- OUTDOOR COLUMN: A steelhead run bonanza in Michiana Looking for a bright side to this ridiculous winter and spring weather? Look no farther than the St. Joseph River steelhead run. Apparently, this crazy spring weather has been just what the doctor ordered for steelhead anglers. It extended the run an
- OUTDOOR COLUMN: Grackles: Like'em or leave 'em Seeing a grackle, I read in "Birds of America," is "one of the surer signs that spring is at hand. Surer, that is, than seeing a robin, a red-winged blackbird or a song sparrow. But I saw grackles last month, not long after I saw robins, redwings and
- THE SKINNY: Spring's arrival welcomed gratefuly GOSHEN Well, hello there, Indiana spring! Better late than never, I suppose. After probably the most brutal winter I have endured since first moving to the Midwest in 1998, spring has finally sprung across the area. Over the course of many years as a
- NFL: Manning meeting with Saban questioned ENGLEWOOD, Colo. -- Peyton Manning's never-ending quest to hone his game and Nick Saban's desire to decipher fast-paced offenses led to a recent meeting that the Crimson Tide coach called mutually beneficial. It also might have violated NFL rules be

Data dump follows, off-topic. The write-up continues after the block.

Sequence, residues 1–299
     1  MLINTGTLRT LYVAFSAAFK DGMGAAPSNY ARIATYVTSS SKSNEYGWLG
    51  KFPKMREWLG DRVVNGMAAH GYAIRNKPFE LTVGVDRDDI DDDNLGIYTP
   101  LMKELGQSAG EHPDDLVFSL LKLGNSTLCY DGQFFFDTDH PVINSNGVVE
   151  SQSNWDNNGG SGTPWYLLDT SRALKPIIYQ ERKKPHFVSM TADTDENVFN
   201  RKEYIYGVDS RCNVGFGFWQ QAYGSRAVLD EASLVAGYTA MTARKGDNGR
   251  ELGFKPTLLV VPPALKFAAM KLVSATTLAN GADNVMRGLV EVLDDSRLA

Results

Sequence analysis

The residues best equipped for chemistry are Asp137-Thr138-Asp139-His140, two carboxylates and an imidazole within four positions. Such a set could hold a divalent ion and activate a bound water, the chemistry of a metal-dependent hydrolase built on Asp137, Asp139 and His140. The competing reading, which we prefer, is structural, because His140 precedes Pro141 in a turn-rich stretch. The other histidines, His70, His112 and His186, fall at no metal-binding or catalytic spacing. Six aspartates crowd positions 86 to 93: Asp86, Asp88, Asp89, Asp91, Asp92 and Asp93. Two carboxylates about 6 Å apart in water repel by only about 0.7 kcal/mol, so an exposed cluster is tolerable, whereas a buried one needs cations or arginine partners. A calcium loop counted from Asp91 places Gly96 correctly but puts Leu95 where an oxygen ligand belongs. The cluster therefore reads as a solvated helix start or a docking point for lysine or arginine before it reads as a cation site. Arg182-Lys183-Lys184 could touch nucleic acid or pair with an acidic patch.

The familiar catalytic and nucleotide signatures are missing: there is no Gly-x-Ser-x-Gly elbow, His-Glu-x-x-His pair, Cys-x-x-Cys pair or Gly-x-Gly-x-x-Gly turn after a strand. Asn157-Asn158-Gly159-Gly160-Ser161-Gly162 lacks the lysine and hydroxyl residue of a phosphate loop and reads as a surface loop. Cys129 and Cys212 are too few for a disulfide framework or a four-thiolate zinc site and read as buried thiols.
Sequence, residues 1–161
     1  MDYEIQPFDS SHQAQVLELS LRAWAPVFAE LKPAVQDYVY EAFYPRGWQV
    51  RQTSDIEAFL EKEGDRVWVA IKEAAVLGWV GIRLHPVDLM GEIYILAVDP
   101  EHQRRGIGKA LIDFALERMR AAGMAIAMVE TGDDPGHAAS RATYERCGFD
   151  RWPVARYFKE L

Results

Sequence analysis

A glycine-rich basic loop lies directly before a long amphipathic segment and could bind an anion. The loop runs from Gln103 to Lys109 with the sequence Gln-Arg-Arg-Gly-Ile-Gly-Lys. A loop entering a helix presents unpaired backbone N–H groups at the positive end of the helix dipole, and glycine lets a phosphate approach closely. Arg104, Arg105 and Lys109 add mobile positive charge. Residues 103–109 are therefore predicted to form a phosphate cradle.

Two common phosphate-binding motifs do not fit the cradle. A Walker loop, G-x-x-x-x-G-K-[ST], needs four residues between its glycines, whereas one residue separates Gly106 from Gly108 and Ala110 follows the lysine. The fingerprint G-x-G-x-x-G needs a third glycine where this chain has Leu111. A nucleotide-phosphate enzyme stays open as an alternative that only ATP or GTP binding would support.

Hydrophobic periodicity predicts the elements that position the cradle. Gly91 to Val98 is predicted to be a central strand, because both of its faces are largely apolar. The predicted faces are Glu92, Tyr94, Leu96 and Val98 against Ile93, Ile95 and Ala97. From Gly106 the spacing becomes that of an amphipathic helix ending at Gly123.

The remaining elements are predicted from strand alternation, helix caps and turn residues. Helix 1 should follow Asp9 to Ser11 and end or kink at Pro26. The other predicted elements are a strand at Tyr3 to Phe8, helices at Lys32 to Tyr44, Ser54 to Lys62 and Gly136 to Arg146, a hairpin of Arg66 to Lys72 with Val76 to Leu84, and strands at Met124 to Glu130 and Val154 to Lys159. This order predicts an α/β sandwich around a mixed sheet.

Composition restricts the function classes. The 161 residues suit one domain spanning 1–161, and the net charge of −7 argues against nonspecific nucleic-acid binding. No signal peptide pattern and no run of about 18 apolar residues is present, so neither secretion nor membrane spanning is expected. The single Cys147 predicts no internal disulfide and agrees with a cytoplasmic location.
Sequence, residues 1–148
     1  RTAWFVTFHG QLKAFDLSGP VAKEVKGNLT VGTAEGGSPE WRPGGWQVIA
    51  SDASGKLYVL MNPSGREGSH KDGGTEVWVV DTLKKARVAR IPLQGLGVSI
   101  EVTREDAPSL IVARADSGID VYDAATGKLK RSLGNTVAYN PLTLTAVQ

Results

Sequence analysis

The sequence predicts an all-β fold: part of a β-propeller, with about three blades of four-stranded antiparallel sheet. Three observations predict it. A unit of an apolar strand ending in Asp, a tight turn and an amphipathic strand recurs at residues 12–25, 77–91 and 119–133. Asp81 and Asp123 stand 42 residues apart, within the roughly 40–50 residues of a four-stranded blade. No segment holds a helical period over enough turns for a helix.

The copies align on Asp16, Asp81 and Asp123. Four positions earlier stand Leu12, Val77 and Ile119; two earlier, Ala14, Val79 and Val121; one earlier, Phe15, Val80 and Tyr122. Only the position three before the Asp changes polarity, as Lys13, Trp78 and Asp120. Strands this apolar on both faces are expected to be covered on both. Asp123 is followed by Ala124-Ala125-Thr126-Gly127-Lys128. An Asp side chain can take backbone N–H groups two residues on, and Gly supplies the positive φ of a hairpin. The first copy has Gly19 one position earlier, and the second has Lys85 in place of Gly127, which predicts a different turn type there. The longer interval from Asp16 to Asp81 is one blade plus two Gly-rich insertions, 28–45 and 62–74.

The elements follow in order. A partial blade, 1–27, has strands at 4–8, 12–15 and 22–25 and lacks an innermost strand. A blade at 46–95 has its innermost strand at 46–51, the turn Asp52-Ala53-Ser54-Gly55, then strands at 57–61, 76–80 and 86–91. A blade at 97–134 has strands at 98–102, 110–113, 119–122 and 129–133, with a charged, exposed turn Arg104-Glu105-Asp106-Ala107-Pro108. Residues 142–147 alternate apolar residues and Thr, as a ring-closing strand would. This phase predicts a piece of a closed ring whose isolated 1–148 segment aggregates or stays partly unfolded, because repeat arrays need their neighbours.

- NBA: Resilient Bulls brace for next obstacle: Wizards DEERFIELD, Ill. -- Never mind all they overcame. The only obstacle that matters now for the Chicago Bulls is the one in front of them. The Bulls head into Sunday's playoff opener against the Washington Wizards as one of the hottest teams in the NBA.
- IT'S TEE TIME GOSHEN -- Scores at Saturday's Goshen Invitational at Maplecrest Country Club were a bit higher than area prep boys golf coaches like to see them at this early stage of the season. But with the later start to the season due to a long winter, conditi
- Blues beat Blackhawks 4-3 in OT, take 2-0 lead ST. LOUIS — Vladimir Tarasenko and St. Louis were in trouble Saturday before a vicious hit by Chicago defenseman Brent Seabrook provided an opening for the Blues. That little crack was all St. Louis needed to put another dent in the Blackhawks' bid
- Improved Gibson proves key for Bulls' success DEERFIELD, Ill. -- Taj Gibson flashed back to the grueling workouts in the searing Southern California heat last summer. There he was with Derrick Rose, running and jumping and trying to take his game to another level for the Chicago Bulls while thei
- PREP BASEBALL: A pitcher's duel EMMA -- The pitchers were dominant early on until the offenses could getting things going in a high school baseball game between the Northridge Raiders and the Westview Warriors Friday night at Westview. Both starting pitchers hurled four innings of
- More Sports Headlines